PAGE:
Recovery continues in Central Oregon
Economic index shows growth in housing, tourism
By Joseph Ditzler / The Bulletin
Published Dec 8, 2013 at 12:01AM
Editor’s note: The Bulletin has partnered with the University of Oregon’s College of Arts and Sciences and Department of Economics to produce the Central Oregon Business Index. The index provides a regular snapshot of the region’s economy using economic models consistent with national standards. The index, exclusive to The Bulletin, appears quarterly in the Sunday Business section.
Economic recovery in Central Oregon continued in the third quarter, driven again, in part, by gains in the housing market and in travel and tourism, according to an economic index released today.
However, labor trends were mixed. Hiring picked up, but unemployment claims grew, as well, although not at a pace inconsistent with job growth, according to University of Oregon economist Timothy Duy.
“The region is clearly rebounding after the long period of stagnation that followed the housing bust,” Duy wrote in his quarterly assessment.
Duy tracks nine indicators that make up the index. They measure trends in areas such as payroll, housing units sold, Deschutes County building permits issued and county initial unemployment claims, for example. The Central Oregon Business Index rose 1.1 percent over the past three months to 120.2, a figure 5.6 percent higher than the third quarter of 2012. The benchmark index is 100, measured in 1998.
“Prior to the housing boom and bust, there was a pretty steady dynamic in the Central Oregon region driven by in-migration, business development and tourism and travel development,” Duy said Wednesday. “I don’t see why we can’t return to that dynamic.”
High points of the index include a gain of nearly 16 percent in estimated lodging revenue over the same period in 2012. The story behind tourism’s recovery in Central Oregon is both straightforward and nuanced. It represents both a collective sigh of relief and loyalty to leisure pursuits.
“There are certain things we’ve promoted in the Oregon economy that are little luxuries for lots of people,” Duy said, citing as one example Bend’s craft breweries. “We’ve promoted lots of industries that are attractive even for consumers of relatively limited means.”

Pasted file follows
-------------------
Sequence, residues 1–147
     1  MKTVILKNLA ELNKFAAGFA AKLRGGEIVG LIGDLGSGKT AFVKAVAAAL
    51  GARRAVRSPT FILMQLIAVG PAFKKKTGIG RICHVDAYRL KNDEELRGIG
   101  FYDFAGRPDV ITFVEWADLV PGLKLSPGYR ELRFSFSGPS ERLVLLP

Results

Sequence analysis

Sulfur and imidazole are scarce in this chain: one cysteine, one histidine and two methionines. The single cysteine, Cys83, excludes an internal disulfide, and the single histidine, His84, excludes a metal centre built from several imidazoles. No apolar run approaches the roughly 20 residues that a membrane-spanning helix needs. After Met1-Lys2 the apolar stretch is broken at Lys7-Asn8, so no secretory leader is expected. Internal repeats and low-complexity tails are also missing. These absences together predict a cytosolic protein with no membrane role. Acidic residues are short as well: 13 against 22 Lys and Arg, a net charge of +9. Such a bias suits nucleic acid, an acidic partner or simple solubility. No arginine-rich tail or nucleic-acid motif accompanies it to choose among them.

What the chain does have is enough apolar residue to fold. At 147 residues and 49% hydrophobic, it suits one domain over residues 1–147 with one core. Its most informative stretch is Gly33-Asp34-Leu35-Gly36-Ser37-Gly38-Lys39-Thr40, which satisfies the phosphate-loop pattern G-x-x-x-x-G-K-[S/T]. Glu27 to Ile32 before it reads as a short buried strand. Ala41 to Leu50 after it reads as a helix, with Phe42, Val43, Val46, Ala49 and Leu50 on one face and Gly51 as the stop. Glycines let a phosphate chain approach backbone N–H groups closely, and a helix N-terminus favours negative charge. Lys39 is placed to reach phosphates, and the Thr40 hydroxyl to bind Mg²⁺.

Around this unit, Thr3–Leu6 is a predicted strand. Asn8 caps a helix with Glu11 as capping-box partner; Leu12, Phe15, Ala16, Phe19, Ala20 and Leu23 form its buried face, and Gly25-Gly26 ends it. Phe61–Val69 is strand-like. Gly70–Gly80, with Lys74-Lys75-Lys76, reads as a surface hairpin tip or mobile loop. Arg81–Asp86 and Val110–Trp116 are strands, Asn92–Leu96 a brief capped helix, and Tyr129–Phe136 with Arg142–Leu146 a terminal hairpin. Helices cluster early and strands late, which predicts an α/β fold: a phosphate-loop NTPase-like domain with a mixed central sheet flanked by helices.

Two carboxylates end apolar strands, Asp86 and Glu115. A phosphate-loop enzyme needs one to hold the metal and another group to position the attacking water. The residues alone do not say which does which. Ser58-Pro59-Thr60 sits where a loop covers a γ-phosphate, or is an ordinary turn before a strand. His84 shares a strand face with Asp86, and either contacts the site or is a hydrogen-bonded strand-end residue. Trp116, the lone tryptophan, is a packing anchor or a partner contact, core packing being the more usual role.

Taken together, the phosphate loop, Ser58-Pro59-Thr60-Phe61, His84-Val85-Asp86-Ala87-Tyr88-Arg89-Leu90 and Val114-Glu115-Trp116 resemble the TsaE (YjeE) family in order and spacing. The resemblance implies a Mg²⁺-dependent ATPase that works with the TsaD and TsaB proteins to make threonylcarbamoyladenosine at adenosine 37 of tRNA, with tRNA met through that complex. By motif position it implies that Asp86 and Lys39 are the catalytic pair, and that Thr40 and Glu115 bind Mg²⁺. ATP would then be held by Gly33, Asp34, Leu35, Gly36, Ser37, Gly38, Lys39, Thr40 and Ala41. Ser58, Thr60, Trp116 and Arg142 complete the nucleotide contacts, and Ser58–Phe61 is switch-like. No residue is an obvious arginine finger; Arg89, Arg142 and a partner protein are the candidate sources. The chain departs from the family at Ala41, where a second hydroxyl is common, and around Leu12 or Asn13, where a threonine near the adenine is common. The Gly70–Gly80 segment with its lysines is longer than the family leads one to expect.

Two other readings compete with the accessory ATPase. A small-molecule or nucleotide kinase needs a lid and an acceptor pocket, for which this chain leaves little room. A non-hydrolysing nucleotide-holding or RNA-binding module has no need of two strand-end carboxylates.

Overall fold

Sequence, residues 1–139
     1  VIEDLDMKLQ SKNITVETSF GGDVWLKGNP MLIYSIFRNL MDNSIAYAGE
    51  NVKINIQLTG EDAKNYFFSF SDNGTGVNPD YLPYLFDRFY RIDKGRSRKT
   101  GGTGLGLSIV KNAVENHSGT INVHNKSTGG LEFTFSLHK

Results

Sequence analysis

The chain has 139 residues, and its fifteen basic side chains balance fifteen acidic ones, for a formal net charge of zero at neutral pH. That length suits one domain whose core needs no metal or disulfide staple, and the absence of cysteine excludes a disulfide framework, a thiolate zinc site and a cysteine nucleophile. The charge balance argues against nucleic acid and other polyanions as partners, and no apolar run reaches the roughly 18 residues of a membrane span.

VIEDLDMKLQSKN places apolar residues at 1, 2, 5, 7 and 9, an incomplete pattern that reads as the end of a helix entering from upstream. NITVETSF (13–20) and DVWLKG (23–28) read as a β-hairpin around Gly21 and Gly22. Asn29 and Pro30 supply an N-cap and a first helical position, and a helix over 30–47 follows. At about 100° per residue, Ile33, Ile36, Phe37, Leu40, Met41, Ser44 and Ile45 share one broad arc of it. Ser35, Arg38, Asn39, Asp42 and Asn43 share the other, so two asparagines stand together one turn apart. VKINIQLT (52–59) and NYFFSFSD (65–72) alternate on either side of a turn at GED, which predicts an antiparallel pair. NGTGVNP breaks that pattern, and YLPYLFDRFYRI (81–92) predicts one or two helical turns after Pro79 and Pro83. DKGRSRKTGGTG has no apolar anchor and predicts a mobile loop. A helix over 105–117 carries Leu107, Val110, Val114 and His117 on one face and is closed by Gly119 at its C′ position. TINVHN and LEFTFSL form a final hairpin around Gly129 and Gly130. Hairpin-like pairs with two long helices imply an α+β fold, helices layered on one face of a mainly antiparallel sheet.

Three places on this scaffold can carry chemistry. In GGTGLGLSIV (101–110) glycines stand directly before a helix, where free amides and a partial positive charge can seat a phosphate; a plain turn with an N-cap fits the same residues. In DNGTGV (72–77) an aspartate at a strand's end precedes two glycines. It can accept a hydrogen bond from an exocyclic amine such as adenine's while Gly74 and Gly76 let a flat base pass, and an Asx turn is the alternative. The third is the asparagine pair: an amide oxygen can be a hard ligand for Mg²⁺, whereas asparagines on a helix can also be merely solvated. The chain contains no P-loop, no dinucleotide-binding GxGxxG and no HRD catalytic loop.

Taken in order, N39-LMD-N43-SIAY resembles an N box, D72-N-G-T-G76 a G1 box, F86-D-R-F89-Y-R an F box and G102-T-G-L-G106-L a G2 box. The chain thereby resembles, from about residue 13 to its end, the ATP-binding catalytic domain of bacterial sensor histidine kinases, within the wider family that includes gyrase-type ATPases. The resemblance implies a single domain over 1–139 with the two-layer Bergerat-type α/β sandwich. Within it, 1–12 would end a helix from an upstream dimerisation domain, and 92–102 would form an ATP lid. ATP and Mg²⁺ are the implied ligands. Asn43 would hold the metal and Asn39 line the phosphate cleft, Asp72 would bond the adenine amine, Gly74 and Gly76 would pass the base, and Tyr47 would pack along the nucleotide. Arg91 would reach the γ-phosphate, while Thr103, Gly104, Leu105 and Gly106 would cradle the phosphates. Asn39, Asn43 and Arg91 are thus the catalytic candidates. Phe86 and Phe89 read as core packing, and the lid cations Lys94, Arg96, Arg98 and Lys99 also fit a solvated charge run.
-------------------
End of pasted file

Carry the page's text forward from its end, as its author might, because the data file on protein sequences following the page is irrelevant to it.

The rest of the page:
On the other hand, increased spending on leisure activities signals a relaxation of anxiety that plagued workers who for four or five years feared imminent layoff. Those consumers now have money to spend and opportunities to travel, said Duy.
“If you look statewide, there’s a pretty strong leisure sector. It didn’t suffer the lasting damage we thought it might have,” he said. “Even though individuals and households were hard hit, they’re still interested in using their money for leisure-type activities.”
In the housing sector, Duy reported residential sales rising to an average 421 a month, above the pre-boom average of 259, but below the peak in the second quarter of 2006. Demand also fuels construction, with an average 139 building permits issued each month during the quarter, he wrote.
However, Duy writes, “room for further improvement may be limited.”
As existing inventory clears out and interest rates begin to rise, recovery in the housing sector may slow while construction ramps up, he explained. If some in the real estate business predict a slowdown next year, Duy said, he understands that perception. “Given the pace of housing sales, it’s hard to see stronger gains from here,” he said.
Employment has improved, as well, but has a long way to go before labor is as strong as it was before the bust. The Central Oregon unemployment rate, still high in October in Crook County with 12.1 percent, is improving, nonetheless. Deschutes County’s seasonally adjusted rate measured 9.4 percent unemployed in October, down from 10.7 a year ago.
“Clearly, that’s a good thing, but in the context of a declining labor force, the upshot is that it’s not quite as good as we think,” he said. “We are seeing a relatively broad-based improvement. Certain sectors will be lagging in this recovery.”
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